A new study has found that female journalists and politicians received over a million abusive tweets last year, prompting Diane Abbott - who received almost half of all the online abuse directed at female politicians before last year's election - to call for a crackdown.
Amnesty International conducted the study with Element AI, an artificial intelligence company, and used volunteers to categorise over 200,000 tweets sent to 778 women politicians and journalists from the UK and abroad.
The 6,500 volunteers sorted through 228,000 tweets, deciding whether they contained abusive language. Based on their answers, software was taught to recognise abuse throughout the entire 14.5 million tweets sent to the selected women in 2017.
The women mentioned in the tweets came from across the political spectrum, and journalists from a number of outlets including the Sun, The Guardian, the New York Times and Breitbart were included.
'Responsibility to shut down accounts'
The study found that left and right-leaning media organisations and politicians received similar levels of abuse, and that black women were 84% more likely than white women to have abuse tweeted to them.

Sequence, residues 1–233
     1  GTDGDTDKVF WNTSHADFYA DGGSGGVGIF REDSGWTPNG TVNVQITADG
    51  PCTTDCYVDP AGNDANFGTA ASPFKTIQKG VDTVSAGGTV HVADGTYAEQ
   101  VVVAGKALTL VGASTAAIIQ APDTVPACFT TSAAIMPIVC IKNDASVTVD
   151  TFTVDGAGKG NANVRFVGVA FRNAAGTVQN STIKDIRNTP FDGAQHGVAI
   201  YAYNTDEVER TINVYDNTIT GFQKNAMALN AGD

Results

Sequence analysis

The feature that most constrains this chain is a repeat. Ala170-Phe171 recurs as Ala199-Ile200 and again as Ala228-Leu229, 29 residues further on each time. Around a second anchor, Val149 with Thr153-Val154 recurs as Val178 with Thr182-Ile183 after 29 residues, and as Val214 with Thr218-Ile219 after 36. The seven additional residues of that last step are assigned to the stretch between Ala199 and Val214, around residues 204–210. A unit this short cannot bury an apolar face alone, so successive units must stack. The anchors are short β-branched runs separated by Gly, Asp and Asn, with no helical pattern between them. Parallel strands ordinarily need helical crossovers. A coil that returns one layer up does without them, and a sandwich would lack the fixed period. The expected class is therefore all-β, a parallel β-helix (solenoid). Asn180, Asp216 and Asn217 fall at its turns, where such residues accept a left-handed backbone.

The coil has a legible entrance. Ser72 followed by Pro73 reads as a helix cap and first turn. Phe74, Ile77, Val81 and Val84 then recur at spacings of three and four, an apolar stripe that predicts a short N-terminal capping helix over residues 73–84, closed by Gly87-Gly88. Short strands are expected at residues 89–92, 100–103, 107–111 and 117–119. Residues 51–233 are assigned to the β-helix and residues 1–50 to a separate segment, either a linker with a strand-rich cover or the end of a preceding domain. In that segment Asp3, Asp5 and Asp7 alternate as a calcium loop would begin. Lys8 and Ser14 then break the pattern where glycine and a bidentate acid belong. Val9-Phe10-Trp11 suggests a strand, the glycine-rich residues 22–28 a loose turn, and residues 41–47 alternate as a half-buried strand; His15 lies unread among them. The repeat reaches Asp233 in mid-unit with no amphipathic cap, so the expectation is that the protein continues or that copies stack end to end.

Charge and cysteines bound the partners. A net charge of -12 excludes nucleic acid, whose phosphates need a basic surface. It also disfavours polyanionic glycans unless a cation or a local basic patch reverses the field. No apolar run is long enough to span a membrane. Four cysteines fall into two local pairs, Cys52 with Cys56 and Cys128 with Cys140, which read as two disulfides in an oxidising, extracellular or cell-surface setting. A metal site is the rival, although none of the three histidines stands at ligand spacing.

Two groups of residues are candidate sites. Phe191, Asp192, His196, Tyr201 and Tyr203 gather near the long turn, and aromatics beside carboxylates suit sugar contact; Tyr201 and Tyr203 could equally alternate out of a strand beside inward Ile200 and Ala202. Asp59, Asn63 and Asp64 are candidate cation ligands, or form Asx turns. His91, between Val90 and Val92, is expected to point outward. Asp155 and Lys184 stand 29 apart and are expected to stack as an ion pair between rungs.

Overall, 7.1% of the tweets analysed were categorised as abusive by the software.
Shadow home secretary Ms Abbott was found to have been the recipient of 45% of all the abusive tweets sent to female MPs in the run-up to last year’s general election, in a separate study by Amnesty published last year.
She responded to the latest research by calling on Twitter to act “quicker” to remove abusive users.
- Read more: Twitter ordered to reveal person behind JD Wetherspoon parody account
- Read more: BBC’s Andrew Neil criticised for calling Observer journalist a ‘mad cat woman’
“My staff still spend a considerable amount of time removing and blocking abusive or threatening posts from social media,” she said.
“Overwhelmingly the abuse is of a highly offensive racist and misogynist character.
“I have always felt that this type of hate speech can lead to violence, and Twitter has a responsibility to shut these accounts down a lot quicker then it currently does.”
'Twitter is failing to be transparent'
Responding to the study, which Amnesty shared with Twitter, the social media platform asked for clarification on the definition of “problematic”, with regards to Amnesty’s description of the tweets as such, and cited “the need to protect free expression and ensure policies are clearly and narrowly drafted.”
Kate Allen, Amnesty UK’s director, said: “It’s clear that a staggering level of violence and abuse against women exists on Twitter. These results back up what women have long been saying - that Twitter is endemic with racism, misogyny and homophobia.
“The online space is an important platform for political and public conversation, and women must feel safe to express themselves and engage in debate without fear of abuse.
“Twitter is failing to be transparent about the extent of the problem, but if our volunteers can gather meaningful data about online violence and abuse, so can Twitter. The company must take concrete steps to properly protect women’s rights on the platform.”